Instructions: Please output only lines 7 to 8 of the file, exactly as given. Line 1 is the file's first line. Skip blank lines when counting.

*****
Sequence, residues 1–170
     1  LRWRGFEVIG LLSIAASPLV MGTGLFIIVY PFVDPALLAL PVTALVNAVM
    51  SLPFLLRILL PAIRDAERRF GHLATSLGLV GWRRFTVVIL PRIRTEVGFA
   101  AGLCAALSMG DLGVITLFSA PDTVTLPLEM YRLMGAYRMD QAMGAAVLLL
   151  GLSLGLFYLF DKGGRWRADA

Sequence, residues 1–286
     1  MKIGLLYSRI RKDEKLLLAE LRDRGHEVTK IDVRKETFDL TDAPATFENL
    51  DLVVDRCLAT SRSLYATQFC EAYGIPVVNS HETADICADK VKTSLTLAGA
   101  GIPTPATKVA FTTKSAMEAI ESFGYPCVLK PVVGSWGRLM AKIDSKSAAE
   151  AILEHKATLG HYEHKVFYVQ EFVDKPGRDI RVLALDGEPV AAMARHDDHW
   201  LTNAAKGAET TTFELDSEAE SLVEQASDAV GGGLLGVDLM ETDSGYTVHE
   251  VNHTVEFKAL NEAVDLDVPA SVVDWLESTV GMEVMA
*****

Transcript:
     1  MKIGLLYSRI RKDEKLLLAE LRDRGHEVTK IDVRKETFDL TDAPATFENL
    51  DLVVDRCLAT SRSLYATQFC EAYGIPVVNS HETADICADK VKTSLTLAGA